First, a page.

The impact of the war on the children and mothers has been devastating. Starvation, rape, lack of infant milk and medications and airstrikes have killed and terrorized mothers and children. The airstrike that targeted a kindergarten and children’s playground on 26 August 022 killing over 19 children in one day is a case in point. Mothers of the victims are still grieving.
Mama Silas is a petty-trader and her grandson Abel (12) lives with her. Abel used to spend his time playing with his friends around his place. ‘That cursed day’ said Mama Silas, “I was in the market and we heard a sound of jet aircraft and a commotion ensued, and then the jet dropped bomb causing a heavy explosion. It was very scary and we were in panic. When I asked where the airstrike was, people told me it was around my place, I didn’t even collect my stuff and didn’t realize when I arrived there. I saw many bodies, cut in pieces, here and there.”
Mama Silas had to break down as she told her story. I had to wait and calm her down. She resumed “then I saw my grandson’s piece of cloth”. Again she broke down and sobbed. “…I wish I was in his place, my only grandson. For God’s sake… I wish I had died before him. He was the only son of my daughter. Why did God allow this carnage? They were all innocent children with pure hearts, they were just playing there. Abiy, the devil has our children’s blood on his hands. I don’t believe he wants to make peace with us; he has never been a man of peace, rather a butcher and never gets enough of our blood, flesh and agony. But I did not understand why the world gave us a deaf ear. Aren’t we human beings like them? We demand justice.”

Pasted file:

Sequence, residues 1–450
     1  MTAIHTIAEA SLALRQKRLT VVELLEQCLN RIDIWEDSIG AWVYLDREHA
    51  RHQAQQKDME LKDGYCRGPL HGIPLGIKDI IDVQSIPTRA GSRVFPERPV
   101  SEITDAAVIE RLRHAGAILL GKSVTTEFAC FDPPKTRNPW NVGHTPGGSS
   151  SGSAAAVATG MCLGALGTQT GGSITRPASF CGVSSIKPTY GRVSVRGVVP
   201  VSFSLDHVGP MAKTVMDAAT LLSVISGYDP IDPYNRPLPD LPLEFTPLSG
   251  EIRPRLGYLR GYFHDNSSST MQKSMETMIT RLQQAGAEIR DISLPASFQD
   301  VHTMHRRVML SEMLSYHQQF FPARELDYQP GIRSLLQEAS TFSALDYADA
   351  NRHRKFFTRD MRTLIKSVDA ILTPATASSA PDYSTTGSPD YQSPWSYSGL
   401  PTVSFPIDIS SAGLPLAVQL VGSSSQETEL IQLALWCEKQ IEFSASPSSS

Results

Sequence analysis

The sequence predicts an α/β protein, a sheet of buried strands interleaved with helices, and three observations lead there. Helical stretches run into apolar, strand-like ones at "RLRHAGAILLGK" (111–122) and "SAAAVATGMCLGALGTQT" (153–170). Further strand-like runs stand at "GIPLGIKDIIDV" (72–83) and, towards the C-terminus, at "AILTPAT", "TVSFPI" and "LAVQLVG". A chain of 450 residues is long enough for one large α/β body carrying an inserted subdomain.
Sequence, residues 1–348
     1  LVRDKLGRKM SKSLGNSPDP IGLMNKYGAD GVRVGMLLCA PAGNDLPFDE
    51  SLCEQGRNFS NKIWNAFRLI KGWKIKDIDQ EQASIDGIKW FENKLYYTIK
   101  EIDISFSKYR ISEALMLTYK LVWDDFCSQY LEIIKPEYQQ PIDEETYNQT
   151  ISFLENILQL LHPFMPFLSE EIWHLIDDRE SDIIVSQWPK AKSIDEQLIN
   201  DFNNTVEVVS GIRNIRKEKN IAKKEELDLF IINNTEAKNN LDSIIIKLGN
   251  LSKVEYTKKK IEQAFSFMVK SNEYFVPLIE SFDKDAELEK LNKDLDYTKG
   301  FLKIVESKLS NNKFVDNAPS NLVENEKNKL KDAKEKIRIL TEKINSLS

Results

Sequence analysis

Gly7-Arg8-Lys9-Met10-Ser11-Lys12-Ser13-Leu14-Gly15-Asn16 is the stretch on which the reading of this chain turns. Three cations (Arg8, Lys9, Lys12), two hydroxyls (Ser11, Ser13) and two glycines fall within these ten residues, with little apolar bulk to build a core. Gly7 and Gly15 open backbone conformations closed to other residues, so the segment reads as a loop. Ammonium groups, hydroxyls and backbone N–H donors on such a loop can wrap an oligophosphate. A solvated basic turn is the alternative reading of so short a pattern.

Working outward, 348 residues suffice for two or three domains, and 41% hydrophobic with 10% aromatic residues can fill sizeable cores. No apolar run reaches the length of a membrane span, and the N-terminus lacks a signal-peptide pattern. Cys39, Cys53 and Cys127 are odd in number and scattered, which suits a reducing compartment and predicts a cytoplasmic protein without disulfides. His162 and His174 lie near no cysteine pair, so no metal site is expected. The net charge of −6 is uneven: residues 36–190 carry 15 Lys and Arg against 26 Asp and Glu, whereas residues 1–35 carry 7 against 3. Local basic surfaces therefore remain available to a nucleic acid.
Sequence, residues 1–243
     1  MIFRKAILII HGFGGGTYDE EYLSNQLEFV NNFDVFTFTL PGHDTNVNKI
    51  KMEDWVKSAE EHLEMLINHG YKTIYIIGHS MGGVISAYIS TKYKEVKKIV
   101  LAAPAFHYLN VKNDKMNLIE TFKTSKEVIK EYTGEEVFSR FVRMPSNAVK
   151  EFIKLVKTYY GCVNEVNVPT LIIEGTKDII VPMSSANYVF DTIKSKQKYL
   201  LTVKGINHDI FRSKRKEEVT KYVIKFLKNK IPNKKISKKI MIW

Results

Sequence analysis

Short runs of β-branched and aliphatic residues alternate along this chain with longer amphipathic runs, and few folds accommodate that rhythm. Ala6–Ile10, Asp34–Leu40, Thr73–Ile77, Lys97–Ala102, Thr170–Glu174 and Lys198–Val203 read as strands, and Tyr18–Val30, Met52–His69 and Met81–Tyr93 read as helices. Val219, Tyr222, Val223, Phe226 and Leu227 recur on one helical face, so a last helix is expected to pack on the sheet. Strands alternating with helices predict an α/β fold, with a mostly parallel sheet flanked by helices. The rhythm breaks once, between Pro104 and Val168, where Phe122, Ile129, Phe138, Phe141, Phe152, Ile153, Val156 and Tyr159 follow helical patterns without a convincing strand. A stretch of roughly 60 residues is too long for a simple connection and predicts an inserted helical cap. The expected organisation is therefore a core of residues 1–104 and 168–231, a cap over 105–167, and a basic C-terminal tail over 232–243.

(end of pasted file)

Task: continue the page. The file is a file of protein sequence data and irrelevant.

The peace agreement signed in Pretoria has rekindled hope. I see children playing outside. I have heard children say ‘there will not be jets and drones coming to kill us, and we can play without fear’. One child said “we will wear uniforms and go to school’. But they are also easily scared by the sounds of vehicles, motorbikes and even carts. Upon hearing those, they run to their houses and hiding places
Genet, a mother of three said,
“One day, we were having lunch with my children in my house and we heard the sound of a drone. The eldest boy was in my parents’ house, and I was at home with a three-year-old boy, Zema and a one and half year old daughter. I just tried to hold my children but I panicked. I started worrying about my eldest son, my husband and parents. I wished to know where the drone could have struck? Who is fated for death? I felt death was near me. I was frozen for a few minutes and couldn’t figure out where to hide my children. Then my son, Zema said “mama, mama, please let’s run to Micky’s [his friend] house; They have a big house and we can hide there. The drone will not hit us. Though he doesn’t know what a drone does to us he learned what we always do and talk at home to escape from the attack. Then we went to his friend’s house and stayed there until it finished bombing. But I couldn’t stop crying and worrying about my son, husband and parents.”